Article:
Arbitration is an alternative form of dispute resolution where parties are encouraged to work together to reach a reasonable outcome for all parties involved, without going to Court. A qualified arbitrator is agreed upon by parties to adjudicate the dispute, and they are required to agree that the arbitrator’s decision will be binding on them.
Arbitration has only been available for family law related financial and property disputes since 2012. It is now quickly becoming a welcomed alternative to resolve disputes without the need of starting the Court process.
What are the advantages of arbitration?
- Arbitration is generally dealt with quicker than matters that go to Court. This is particularly apparent as parties who opt for the arbitration process are not required to attend mediation like those intending to start court proceedings.
- The parties get a choice of who they want to arbitrate their matter. This arbitrator will then stay with the case from start to finish, providing consistency for all parties involved. Cases that are in Court often have different judges at different stages of the proceedings.
- Due to the busy schedule of the Courts, the judges do not always have sufficient time to fully prepare for the hearing and cases can often overrun. This results in parties waiting around for hours for their case to be heard and run the risk of it being adjourned until a later date due to the timetabling of the court. By choosing arbitration, the arbitrator will have the opportunity to allocate the sufficient time required to each case and ensure that matters are dealt with promptly.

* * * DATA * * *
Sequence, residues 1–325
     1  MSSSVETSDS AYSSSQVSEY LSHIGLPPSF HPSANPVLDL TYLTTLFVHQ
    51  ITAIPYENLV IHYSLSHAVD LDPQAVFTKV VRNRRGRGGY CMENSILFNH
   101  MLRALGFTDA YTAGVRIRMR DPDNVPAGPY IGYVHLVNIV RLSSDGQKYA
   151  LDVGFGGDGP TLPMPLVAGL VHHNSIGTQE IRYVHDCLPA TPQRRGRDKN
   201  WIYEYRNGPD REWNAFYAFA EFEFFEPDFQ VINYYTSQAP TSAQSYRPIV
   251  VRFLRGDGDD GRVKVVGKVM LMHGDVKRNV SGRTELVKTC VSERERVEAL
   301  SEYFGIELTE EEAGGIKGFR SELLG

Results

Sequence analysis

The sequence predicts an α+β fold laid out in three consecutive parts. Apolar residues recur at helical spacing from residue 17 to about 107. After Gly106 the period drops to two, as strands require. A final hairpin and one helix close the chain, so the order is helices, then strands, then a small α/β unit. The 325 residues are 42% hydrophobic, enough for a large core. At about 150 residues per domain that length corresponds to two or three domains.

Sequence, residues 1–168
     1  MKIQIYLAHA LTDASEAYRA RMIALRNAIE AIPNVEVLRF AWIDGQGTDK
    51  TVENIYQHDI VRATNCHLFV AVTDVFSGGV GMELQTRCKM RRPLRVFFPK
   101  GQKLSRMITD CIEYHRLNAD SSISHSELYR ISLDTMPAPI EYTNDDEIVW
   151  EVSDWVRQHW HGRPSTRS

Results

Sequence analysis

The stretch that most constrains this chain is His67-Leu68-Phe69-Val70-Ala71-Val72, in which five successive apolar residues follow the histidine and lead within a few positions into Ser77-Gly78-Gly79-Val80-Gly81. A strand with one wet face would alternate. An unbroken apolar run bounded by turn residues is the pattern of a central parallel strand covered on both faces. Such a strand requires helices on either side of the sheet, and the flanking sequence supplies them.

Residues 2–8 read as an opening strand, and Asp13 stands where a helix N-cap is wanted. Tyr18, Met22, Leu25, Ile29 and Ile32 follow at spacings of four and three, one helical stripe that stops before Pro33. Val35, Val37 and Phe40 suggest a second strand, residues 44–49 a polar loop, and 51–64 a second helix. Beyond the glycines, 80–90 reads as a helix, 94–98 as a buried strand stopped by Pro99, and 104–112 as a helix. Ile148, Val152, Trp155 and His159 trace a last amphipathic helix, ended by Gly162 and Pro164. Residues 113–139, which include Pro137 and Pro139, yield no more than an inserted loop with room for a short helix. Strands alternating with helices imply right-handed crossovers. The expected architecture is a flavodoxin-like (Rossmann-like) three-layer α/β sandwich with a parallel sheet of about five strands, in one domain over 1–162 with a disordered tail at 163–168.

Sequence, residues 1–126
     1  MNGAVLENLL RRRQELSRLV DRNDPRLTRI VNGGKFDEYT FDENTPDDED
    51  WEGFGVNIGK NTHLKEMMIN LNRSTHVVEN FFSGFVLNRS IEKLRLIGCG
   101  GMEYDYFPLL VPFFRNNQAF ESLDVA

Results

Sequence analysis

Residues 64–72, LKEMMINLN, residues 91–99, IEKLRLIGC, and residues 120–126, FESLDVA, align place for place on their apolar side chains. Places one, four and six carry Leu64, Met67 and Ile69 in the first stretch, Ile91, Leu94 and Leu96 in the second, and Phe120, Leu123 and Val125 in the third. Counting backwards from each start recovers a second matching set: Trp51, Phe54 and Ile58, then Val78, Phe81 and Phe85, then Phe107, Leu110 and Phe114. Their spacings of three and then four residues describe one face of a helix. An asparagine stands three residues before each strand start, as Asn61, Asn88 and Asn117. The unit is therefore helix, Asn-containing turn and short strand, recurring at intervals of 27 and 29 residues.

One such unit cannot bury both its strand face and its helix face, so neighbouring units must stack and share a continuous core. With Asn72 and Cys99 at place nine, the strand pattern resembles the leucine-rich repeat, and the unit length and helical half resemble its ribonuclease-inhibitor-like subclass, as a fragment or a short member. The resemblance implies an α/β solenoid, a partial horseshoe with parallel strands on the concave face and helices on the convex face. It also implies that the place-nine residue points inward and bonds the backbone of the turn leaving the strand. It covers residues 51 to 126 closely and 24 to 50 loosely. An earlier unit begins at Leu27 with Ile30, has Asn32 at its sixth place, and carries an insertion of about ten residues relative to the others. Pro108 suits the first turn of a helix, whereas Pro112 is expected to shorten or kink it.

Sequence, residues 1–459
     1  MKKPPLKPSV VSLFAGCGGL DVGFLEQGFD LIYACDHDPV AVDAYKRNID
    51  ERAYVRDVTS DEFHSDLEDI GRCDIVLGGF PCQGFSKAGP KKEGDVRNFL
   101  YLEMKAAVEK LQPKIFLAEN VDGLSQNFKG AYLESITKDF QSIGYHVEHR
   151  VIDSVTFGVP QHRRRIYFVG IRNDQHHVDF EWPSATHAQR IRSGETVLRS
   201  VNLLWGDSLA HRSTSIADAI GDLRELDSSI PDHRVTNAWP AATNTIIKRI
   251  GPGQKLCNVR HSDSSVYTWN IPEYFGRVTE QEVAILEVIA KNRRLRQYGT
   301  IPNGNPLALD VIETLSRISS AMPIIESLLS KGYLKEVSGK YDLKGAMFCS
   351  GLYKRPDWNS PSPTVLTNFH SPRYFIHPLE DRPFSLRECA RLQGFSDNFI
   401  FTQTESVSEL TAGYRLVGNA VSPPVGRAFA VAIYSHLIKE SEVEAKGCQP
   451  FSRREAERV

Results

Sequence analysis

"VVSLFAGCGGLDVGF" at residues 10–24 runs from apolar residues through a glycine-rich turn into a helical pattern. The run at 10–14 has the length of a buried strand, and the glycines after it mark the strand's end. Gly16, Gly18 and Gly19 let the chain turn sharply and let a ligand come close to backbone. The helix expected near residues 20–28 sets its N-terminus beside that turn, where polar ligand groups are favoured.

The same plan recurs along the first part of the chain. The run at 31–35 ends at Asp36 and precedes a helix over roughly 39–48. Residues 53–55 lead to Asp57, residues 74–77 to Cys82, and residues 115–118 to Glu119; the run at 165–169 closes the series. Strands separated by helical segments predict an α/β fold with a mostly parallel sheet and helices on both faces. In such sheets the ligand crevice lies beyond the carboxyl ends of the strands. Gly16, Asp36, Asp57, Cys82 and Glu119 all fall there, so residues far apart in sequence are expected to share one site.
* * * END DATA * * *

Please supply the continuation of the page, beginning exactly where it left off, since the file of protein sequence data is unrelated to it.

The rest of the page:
- Arbitration offers the flexibility of cross overs on family law issues. For example, if the main dispute is regarding finances, but there are some issues relating to the child arrangements, they can be dealt with by the same arbitrator.
At the end of the arbitration, the arbitrator will issue an ‘award’ (for financial matters) or a ‘determination’ (for children matters).This will then be legally binding on both parties and able to be enforced by the Courts.
For information in relation to a private financial dispute resolution (FDR) hearing please click on the following link: